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Big Bones Reviews

Big Bones by Laura Dockrill

Big Bones

Laura Dockrill

Score pending

2 reviews

Category: Children's
Imprint: Hot Key Books
Publisher: Hot Key Books
Publication date: 8 Mar 2018
ISBN: 9781471406928

The heartwarming new novel from the sparkling Laura Dockrill, introducing Bluebelle, and her moving, hilarious take on food, body image and how we look after ourselves and others. It's a food diary.

1 Prize for Big Bones

YA Book Prize
2019 Shortlist

Caroline Carpenter, The Bookseller's web editor and one of the panel of judges said: "We’re delighted to share this year’s YA10, showcasing the breadth and brilliance of YA publishing in the UK and Ireland today. Among the submissions, we saw three main trends: books about teenagers struggling with their mental health, books set in or around water, and books increasingly concerned with borders. These timely themes reflect some of the biggest issues facing not just young people, but also society in general at the moment, and they are all represented on the shortlist in some way. I’m excited to see which book the judges select as their victor.”


4 stars out of 5
1 Feb 2019

"a truly refreshing read"

...a truly refreshing read, and Bluebelle is a wonderful, honest and utterly hilarious narrator to fall in love with. This book will make readers think about body image in a whole new way... Laura Dockrill has such a unique writing style and her poetic freshness is a joy to behold. One second, you are laughing big belly laughs at her turn of phrase, and the next, you are crying There is so much food for thought in Big Bones, making it a book for teenagers to savour, and, above all, enjoy.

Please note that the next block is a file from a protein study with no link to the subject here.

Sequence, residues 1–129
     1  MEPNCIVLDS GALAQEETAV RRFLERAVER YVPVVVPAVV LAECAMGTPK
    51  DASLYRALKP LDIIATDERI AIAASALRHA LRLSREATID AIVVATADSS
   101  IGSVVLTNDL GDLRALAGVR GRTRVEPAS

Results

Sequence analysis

3 stars out of 5
Suzi Feay
30 Mar 2018

"very witty"

A know-it-all teenager, Bluebelle, aka BB or Big Bones, has all the answers when it comes to being overweight... Attempts by health professionals or her mother to get her to address the issue are just so much blah, blah, blah — until a no-nonsense nurse calls her “obese” and hands her a food diary to fill in... BB mostly uses the diary to address her life and those around her in superior terms. She’s insufferable — but also very witty. Plot-wise, the novel is as inert as the wordy narrator and, like her, only really gets moving towards the end.